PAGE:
After a long and bitter primary battle, Bernie Sanders is finally saying he’ll vote for Hillary Clinton, an admission that’s got to sting his most ardent supporters.

Like Elizabeth Warren, Sanders will now throw his support behind the official candidate of Wall Street and big banks. Unlike Warren, he’s not endorsing Hillary just yet.

NPR reports:

Bernie Sanders Says He’ll Vote For Clinton (Still No Endorsement, Though)

Bernie Sanders said he’ll vote for Hillary Clinton in November — but more than two weeks after she became the presumptive Democratic nominee, Sanders remains in the race.

Sanders was on MSNBC when Nicolle Wallace, a former Republican aide and now network political analyst, asked Sanders, “Are you going to vote for Hillary Clinton in November?”

His answer: “Yes.”

He added, “The issue right here is, I think I am going to do everything I can to defeat Donald Trump.”

But Sanders did not concede to or praise Clinton, something many Democrats would like to see before the Democratic National Convention next month to fully unify the party heading into the heat of the fall campaign.

Sanders is under tremendous pressure to get with the program. Democrats are desperate to unite the party because they know they can’t win without his supporters.

Just look at the way some liberals in media are pushing Sanders to play along:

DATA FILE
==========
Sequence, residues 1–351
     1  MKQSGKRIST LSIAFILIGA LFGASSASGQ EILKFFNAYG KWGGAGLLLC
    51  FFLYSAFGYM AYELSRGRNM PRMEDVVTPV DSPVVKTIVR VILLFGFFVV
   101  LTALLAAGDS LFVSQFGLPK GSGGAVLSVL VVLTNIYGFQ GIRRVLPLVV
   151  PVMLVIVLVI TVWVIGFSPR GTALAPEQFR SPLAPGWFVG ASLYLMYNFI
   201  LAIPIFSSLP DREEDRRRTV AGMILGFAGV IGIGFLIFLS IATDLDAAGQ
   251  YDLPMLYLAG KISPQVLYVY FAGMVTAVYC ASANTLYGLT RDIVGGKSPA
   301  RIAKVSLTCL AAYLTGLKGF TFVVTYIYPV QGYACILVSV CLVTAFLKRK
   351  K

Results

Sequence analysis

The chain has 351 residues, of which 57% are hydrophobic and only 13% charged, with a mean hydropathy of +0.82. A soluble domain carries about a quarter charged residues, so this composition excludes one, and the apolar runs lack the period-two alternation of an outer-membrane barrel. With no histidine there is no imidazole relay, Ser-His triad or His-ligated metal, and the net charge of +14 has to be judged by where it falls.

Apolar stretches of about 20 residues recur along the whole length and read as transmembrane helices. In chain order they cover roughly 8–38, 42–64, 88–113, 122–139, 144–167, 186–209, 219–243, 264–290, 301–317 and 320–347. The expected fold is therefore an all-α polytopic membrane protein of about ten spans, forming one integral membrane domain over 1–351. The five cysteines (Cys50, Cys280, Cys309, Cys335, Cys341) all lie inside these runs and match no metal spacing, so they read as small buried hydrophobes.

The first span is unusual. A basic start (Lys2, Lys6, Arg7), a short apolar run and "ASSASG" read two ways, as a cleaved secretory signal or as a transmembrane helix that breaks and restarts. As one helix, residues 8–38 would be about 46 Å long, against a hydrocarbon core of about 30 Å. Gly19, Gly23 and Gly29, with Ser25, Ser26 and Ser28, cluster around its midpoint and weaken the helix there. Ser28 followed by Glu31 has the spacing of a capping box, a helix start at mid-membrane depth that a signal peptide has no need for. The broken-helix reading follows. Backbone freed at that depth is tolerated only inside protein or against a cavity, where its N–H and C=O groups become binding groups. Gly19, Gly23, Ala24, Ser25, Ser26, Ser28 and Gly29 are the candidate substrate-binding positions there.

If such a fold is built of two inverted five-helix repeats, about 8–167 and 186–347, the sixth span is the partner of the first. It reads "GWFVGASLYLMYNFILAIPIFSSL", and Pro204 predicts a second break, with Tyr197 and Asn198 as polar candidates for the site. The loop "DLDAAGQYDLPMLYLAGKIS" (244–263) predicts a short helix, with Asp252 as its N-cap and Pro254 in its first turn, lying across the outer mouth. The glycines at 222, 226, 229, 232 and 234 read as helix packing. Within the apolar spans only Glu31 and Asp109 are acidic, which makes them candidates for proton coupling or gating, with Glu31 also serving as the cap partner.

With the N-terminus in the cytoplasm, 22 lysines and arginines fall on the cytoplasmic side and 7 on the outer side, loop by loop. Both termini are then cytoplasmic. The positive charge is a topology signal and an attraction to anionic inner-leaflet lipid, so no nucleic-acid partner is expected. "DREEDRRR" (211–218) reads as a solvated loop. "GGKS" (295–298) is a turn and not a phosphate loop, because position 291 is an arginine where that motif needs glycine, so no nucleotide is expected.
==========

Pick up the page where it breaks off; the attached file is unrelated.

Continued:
One of the reasons Bernie is holding out is because he wants to have a significant impact on the DNC platform but that’s not going too well either. U.S. Uncut reports:

The DNC Just Torpedoed the Majority of Bernie Sanders’ Agenda

The battle over the official Democratic Party platform began in earnest this Friday at a nine-hour meeting in St. Louis, Missouri, and already the sparks of tension seem to be outweighing the calls for “unity.”

The Democratic Party’s platform is an official statement of values on a wide range of issues, and while it is officially non-binding, the platform serves as a crucial guidepost for the entire party. The 2016 platform committee comprises fifteen members, with five members chosen by Bernie Sanders, six chosen by Hillary Clinton, and four chosen by Debbie Wasserman Schultz, the chair of the Democratic National Committee.

Bernie Sanders himself had conflicting feelings about the progress and concessions made on Friday, releasing a statement on his website that said he was “pleased” with certain aspects but was “disappointed and dismayed” at other decisions, particularly those regarding trade.

The Democratic convention should be very entertaining.

Featured image via YouTube.